Body weight, height, waist circumference (WC), fasting blood glucose and blood pressure were measured and recorded by trained nurses or physicians following standard protocols. The removal of shoes and hats and wearing lightweight clothing were required when measuring the height and weight of the participants. Height and weight measurements were accurate to 0.1 cm and 0.1 kg, respectively. WC was measured with a tapeline to the nearest 0.1 cm at the midpoint between the lower margin costal arch and anterior superior iliac spine at the end of expiration (25). Blood pressure was measured twice consecutively with a 2-minute interval after resting for at least 15 min, and the average of the two measurements was taken as the final result. Fasting plasma and serum samples were collected to measure low-density lipoprotein cholesterol (LDL-C), high-density lipoprotein cholesterol (HDL-C), total cholesterol (TC), triglycerides (TG), and Hemoglobin A1c (HbA1c) using an HP-AFS/3 automatic immunoassay system A3 Specific Protein Analyzer with supporting reagents (Shijiazhuang Hebo Biotechnology Co., Ltd., Shijiazhuang, China). Body mass index (BMI) was calculated as weight in kilograms divided by the square of height in meters (26). According to the recommended criteria for hypertriglyceridemic-waist phenotypes (9, 27), normal TG levels were defined as less than 1.7 mmol/L, and normal WC was defined as less than 90 cm for men and less than 85 cm for women. Participants were categorized into four groups: (1) normal TG levels and normal WC (NTNW); (2) high TG levels and normal WC (HTNW); (3) normal TG levels and enlarged WC (NTGW); (4) high TG levels and enlarged WC (HTGW). TyG and TyG-related indicators were calculated using established formulas (Table S1).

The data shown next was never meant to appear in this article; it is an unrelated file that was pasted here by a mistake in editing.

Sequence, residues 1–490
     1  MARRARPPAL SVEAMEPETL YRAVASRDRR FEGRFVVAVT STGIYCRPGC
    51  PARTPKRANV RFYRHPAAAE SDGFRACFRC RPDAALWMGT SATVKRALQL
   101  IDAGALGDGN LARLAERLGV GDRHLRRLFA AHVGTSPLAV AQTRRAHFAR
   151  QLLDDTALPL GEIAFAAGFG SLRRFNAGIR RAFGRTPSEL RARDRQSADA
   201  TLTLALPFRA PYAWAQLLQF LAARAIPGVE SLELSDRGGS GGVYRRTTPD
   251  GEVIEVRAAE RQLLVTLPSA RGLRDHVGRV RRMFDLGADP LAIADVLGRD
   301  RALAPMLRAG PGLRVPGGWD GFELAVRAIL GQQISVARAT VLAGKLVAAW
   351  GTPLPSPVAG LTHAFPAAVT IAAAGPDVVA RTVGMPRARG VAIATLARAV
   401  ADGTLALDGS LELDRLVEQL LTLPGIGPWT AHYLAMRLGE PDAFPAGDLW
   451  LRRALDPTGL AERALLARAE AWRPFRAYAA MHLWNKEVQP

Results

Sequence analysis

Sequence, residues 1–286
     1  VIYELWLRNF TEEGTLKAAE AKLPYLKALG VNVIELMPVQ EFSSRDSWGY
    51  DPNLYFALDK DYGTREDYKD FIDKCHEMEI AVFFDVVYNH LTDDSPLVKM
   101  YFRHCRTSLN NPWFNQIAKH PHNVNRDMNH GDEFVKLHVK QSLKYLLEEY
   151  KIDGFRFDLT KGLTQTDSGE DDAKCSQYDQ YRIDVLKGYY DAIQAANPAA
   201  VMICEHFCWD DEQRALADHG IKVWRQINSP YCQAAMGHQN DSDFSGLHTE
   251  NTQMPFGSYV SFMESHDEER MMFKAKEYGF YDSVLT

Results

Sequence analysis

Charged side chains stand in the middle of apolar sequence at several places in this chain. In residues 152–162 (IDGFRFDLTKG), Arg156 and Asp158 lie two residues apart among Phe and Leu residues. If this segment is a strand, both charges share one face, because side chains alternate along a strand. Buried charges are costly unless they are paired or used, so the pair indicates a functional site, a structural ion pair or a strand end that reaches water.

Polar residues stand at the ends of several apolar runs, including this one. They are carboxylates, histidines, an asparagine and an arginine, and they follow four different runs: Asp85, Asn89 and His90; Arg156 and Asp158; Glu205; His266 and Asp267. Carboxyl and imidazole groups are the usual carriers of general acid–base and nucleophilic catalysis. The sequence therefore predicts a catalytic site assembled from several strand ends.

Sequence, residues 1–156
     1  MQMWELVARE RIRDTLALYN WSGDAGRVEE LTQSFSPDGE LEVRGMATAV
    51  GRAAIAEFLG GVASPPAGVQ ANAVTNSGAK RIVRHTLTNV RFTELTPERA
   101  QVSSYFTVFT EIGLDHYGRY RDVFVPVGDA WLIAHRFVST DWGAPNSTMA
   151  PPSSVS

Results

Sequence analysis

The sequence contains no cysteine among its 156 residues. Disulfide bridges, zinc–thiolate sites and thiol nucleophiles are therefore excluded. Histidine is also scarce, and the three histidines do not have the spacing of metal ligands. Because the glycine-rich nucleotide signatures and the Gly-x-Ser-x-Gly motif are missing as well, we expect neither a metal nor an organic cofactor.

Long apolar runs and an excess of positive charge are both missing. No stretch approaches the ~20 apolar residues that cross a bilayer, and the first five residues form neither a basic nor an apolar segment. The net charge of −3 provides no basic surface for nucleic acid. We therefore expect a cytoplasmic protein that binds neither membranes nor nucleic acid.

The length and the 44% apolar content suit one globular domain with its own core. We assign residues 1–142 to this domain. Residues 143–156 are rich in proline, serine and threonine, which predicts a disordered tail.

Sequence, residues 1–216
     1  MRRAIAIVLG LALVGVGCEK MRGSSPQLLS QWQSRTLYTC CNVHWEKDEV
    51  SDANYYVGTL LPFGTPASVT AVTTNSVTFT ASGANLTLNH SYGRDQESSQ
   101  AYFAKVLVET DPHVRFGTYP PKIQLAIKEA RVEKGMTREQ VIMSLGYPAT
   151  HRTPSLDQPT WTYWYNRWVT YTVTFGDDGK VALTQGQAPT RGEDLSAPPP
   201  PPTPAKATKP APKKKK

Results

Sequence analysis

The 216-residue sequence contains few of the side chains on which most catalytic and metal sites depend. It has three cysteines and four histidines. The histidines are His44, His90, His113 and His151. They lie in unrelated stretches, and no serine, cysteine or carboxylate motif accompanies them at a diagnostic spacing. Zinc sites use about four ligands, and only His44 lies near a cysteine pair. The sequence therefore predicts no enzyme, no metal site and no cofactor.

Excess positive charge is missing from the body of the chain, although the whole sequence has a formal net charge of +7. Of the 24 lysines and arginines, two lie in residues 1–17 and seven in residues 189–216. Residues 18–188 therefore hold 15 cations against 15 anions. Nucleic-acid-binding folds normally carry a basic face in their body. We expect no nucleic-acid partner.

Categorical variables were summarized with counts and percentages; while continuous variables were presented as either mean± standard deviation (SD) or median (interquartile range), depending on the data distribution. Baseline characteristics for participants were presented based on the presence of incident stroke within 2 years and were compared using Student’s t-test or the Wilcoxon rank-sum test for continuous variable and the χ² test for categorical variables.